Americans for Financial Reform Education Fund and Consumer Federation of America, Food & Water Watch, Institute for Agriculture and Trade Policy, and Public Citizen sent a letter sharing their grave concerns with the justification and potentially calamitous precedent contained in the Commodity Futures Trading Commission’s (CFTC’s) proposed rulemaking for the Investment of Customer Funds by Futures Commission Merchants and Derivatives Clearing Organizations. This proposal would expand the list of permitted investments for customer funds to include foreign debt which could put customers at undue financial risk — avoiding such risk was the rationale for prohibiting these transactions in 2011 after the MF Global meltdown.
Increased capital requirements in the Fed, FDIC, and OCC’s Large Bank proposal strengthen the banks’ ability to withstand stresses that would otherwise imperil their financial viability and hurt depositors, customers and the economy. Robust capital levels prevent financial crises that have vastly disproportionate impacts on Black, LatinX and other underserved communities. AFR strongly urged the agencies to move forward on these proposals as more well-capitalized banks are better able to provide credit to customers and communities, advancing economic justice and helping the economy to work better for everyone.
Americans for Financial Reform is calling on Congress and banking regulators to address the repeated mishaps and losses in the $2.5 trillion syndicated “loan” market following a court ruling today. The 2nd circuit appeals court affirmed a lower court decision that syndicated loans are not securities and therefore banks are not liable for clear mis-statements and omissions when selling the debt to investors. The original case highlights the risky nature of the debt behind syndicated loans.
Americans for Financial Reform Education Fund submitted a comment to the Securities and Exchange Commission (SEC) supporting its proposal to prohibit conflicts of interest in securitizations. Such conflicts were at the heart of the Great Financial Crisis of 2008 leading to trillions of dollars in losses across the financial system and irreparable harm to millions of homeowners. Now, with the growth in securitizations such as those backed by commercial real estate and other assets, the SEC’s proposals can ensure that similar practices do not happen again at the harm of investors and others.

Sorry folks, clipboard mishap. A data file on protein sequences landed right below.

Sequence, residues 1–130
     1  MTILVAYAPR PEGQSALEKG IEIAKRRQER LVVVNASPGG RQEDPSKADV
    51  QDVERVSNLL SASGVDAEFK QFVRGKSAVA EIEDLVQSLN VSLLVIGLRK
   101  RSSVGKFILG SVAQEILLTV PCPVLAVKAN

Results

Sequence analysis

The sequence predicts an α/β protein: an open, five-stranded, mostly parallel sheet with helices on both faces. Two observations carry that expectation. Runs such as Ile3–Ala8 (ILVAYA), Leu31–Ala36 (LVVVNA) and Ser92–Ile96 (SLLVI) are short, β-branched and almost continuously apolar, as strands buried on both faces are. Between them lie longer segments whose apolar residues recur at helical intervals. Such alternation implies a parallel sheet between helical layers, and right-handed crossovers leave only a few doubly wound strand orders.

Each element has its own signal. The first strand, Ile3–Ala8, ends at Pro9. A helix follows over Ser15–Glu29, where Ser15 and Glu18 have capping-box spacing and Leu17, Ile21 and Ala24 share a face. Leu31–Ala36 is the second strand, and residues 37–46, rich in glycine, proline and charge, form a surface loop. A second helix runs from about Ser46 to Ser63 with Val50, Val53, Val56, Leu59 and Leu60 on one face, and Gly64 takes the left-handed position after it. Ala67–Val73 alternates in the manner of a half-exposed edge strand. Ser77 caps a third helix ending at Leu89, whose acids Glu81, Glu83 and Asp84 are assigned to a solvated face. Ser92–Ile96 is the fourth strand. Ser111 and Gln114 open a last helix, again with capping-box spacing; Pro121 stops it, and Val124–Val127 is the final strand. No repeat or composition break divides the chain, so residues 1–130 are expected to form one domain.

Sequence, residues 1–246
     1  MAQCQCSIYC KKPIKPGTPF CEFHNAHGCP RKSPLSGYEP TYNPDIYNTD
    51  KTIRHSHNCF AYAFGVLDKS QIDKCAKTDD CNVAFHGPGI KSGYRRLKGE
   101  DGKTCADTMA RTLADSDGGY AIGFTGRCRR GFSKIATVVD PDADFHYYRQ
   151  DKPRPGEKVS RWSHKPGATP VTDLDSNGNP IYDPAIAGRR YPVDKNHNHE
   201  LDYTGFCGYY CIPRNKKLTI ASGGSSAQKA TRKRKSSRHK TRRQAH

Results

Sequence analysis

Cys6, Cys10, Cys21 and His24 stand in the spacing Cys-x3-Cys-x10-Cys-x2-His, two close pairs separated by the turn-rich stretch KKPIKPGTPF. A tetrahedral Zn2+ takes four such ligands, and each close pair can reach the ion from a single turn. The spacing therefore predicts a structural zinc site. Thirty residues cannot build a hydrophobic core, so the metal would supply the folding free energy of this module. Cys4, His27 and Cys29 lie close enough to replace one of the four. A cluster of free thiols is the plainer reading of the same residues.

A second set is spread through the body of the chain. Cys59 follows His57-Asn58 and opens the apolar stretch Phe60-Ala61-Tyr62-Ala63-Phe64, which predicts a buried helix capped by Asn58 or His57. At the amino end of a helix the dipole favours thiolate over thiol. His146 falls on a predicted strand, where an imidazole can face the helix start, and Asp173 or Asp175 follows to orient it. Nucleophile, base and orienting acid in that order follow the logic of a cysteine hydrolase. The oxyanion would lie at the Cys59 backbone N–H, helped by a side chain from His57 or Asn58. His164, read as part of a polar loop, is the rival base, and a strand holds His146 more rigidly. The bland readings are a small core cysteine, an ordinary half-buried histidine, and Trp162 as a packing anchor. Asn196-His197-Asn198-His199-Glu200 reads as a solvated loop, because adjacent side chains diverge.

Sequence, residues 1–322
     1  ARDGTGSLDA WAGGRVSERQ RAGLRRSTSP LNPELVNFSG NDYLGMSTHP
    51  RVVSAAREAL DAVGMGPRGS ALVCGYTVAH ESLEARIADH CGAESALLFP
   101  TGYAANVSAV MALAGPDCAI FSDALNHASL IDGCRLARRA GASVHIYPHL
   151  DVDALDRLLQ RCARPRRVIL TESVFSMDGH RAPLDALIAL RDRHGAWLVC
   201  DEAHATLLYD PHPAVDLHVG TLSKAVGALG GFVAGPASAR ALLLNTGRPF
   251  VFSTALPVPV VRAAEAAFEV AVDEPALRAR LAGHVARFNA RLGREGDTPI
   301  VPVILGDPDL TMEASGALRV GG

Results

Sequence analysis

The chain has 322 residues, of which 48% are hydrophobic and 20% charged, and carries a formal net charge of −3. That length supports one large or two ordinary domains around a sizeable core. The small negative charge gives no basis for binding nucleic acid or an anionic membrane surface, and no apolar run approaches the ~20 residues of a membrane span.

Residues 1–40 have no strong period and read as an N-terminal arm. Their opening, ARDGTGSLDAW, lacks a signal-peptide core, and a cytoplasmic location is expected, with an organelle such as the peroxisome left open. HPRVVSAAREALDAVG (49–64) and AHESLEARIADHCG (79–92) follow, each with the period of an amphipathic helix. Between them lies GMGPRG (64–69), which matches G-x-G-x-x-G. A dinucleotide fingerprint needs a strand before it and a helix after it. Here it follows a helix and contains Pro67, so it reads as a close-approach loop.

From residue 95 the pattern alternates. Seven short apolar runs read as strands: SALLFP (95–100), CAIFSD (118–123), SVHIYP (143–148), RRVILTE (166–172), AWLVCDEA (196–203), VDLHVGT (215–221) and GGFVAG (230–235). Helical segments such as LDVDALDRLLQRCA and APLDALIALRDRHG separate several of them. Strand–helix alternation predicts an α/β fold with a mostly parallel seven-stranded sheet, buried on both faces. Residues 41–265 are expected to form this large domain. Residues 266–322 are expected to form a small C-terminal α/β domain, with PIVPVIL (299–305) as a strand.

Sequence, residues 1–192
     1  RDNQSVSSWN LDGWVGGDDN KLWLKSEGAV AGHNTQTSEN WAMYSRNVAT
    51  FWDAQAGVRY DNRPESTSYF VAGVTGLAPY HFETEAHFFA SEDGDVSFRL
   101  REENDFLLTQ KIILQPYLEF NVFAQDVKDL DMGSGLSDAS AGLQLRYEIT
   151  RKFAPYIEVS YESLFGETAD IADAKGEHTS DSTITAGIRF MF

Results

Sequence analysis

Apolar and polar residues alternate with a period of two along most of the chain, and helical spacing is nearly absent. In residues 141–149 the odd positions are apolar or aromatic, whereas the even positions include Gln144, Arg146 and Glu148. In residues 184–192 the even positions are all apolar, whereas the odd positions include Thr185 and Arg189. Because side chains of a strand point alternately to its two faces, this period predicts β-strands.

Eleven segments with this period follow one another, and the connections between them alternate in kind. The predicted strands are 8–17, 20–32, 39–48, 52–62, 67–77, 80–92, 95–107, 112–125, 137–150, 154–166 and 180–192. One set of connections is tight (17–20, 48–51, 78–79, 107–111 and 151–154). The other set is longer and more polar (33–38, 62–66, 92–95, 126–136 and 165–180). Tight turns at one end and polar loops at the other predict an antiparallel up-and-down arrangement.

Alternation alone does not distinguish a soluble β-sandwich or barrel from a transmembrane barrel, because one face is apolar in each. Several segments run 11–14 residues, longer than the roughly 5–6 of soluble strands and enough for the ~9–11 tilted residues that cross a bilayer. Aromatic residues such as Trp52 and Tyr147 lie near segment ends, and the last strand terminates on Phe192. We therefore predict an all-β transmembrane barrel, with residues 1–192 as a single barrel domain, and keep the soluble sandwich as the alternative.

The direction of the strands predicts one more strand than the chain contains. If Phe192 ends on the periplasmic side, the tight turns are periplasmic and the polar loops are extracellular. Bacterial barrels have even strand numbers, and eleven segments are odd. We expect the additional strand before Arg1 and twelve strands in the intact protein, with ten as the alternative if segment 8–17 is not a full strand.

AFREF, the Institute for Policy Studies, Global Economy Project, and Public Citizen led a letter with 22 additional signatories to the agencies tasked with implementing section 956 of Dodd-Frank. That section tasked six agencies with promulgating regulations to prevent incentive-based executive compensation that encourages “inappropriate risk” by May 2011. Almost 12 years later, we don’t have a final rule. The letter was sent to regulators ahead of congressional hearings that will examine recent bank failures.
AFREF and Demand Progress Education Fund attended a meeting of the Market Risk Advisory Committee for the Commodity Futures Trading Commission. There, AFREF/DPEF staff gave remarks on digital assets, including recommendations to the Committee regarding research and analysis into proper regulatory oversight of the digital assets sector. Recommendations included research into cybersecurity risks associated with crypto platforms and crypto derivatives, as well as a review of due diligence processes conducted by the CFTC and other regulators when CFTC registered entities involved in digital assets are acquired by another firm.
AFREF and Demand Progress Education Fund submitted comments to the Office of Science and Technology Policy (OSTP) in response to the agency’s request for information regarding the risks, limitations and purported benefits of blockchain technology (including regarding central bank digital currencies), to help inform the government’s research and development agenda on blockchain. The submission raised concerns about the technological limits and risks of blockchain as used for both financial and non-financial applications, as well as a variety of risks, and urged the OSTP to take a more balanced and sober look at blockchain in view of these limitations.
AFREF led a letter with 29 signers to the Securities and Exchange Commission reiterating the important need to pass a strong set of final rules related to requiring private fund advisers to disclose a complete breakdown of fees/expenses, assumptions used to calculate returns, and the existence of side letters to investors.
The letter is also urging the SEC to finalize a strong set of rules related to requiring private fund advisers over a certain size to report more detailed information about their holdings confidentially to the SEC so that the SEC and other financial regulatory agencies have much greater insight into the risks in the $21 trillion private fund space where there is currently little visibility in order to better safeguard the financial system.
AFREF sent a letter in support to the Securities and Exchange Commission on its proposal to better protect investors and the financial system from the problems in the $21 trillion open-end fund market.
AFREF sent a letter in support of proposals from both the Securities and Exchange Commission and Commodity Futures Trading Commission that would provide the agencies and by extension the Financial Stability Oversight Council with additional information from the $18 trillion private fund industry related to: more specific details about their holdings in digital assets, more granular data around derivatives and swaps that reference corporate debt and information about the base currencies their holdings are denominated in. Such information will help regulators ensure that they have a clearer picture into the holdings and risks posed by the $18 trillion private fund industry in order to be able to react proactively to any risks that may threaten the financial system.